Although the present study supports that media multitasking may be a risk factor for obesity among children, there are several limitations that bear mentioning. First, the associations here are only measured at one point in time, so the directionality of the association cannot be established. As discussed above, it may be that increased exposure to multiple media, and subsequent MMT behaviors, impacts cognition and attention in such a way that some children become more sensitized and responsive to rewarding cues in their environment, increasing hedonically driven consumption. However, alternative explanations are also possible, as it could be that some children have altered cognitive processes and functioning to begin with, and that makes them more likely to become frequent media multitaskers and to be more externally driven by food cues so that non-homeostatic eating patterns result in weight gain over time. Future research is needed to tease apart and test these competing accounts. For example, longitudinal studies that assess children’s MMT tendencies and weight status over longer periods of time can begin to shed light on whether MMT precedes weight gain, or vice versa. Relatedly, it would be important to assess younger children’s baseline responsiveness to external food cues and determine whether that is predictive of subsequent increases in MMT and/or BMI. This is now possible via a newly developed scale that can be completed by parents of preschool-age children (Masterson et al., 2019).

Future studies that experimentally manipulate MMT, in an acute fashion, and measure effects on attention and cued eating, could also help in the determination of causality. This can be difficult, especially given the trade-off between experimental control and ecological validity, but some studies have begun to administer in-lab paradigms that simulate people’s real world exposure to multiple forms of media and in this way provide a context in which media multitasking can occur (e.g., Segijn et al., 2016; Garaus et al., 2017). Another promising avenue for future investigations is to mitigate the negative impacts MMT on cognition and attention via mindfulness-based attention training. Mindfulness interventions are uniquely promising because they promote the opposite of the automatic-based, poorly filtered attention thought to underlie the negative effects of media multi-tasking. A short-term intervention that has been shown to improve mindfulness in undergraduates (Mrazek et al., 2012) has also been shown to reduce the maladaptive attentional processing associated with media multi-tasking. The study conducted with a large sample of young adults showed that a breath counting task, a validated behavioral index of mindfulness (Levinson et al., 2014), improved performance on a battery of attention tasks – including filtering and distractibility – in both high- and low-usual media multi-taskers, but this effect was greater for high media multi-taskers (Gorman and Green, 2016).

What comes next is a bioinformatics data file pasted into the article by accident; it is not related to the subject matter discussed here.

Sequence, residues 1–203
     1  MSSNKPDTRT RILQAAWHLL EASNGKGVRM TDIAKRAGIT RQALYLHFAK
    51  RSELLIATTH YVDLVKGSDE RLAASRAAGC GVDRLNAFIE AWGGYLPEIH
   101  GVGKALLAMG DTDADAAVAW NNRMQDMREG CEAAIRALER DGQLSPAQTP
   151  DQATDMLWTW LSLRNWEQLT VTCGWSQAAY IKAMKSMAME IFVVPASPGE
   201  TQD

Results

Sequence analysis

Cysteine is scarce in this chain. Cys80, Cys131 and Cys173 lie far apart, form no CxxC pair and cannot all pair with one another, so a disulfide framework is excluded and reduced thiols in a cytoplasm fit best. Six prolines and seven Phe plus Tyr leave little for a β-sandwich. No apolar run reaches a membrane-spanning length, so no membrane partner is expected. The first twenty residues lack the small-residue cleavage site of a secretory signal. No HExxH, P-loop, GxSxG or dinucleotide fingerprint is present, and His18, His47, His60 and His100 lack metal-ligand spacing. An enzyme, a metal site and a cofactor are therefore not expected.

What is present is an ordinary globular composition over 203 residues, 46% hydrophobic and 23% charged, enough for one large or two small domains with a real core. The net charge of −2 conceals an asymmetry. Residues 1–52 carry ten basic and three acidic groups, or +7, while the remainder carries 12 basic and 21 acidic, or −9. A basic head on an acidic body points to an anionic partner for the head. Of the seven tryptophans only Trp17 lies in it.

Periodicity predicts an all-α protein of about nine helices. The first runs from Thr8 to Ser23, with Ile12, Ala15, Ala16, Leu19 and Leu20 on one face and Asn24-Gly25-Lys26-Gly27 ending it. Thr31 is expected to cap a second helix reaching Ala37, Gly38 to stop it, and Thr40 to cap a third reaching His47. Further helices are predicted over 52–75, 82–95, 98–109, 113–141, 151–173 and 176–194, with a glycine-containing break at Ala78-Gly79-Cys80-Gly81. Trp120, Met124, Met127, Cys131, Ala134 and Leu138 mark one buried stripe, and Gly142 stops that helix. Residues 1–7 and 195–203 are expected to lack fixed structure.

We chose to study pre-adolescent children, because this age represents a critical time in development to characterize children’s MMT tendencies and obesity risk; however, the findings may not necessarily be generalizable to children of other ages. We recommend that future work assess MMT and weight status across several age groups to determine if associations vary by age.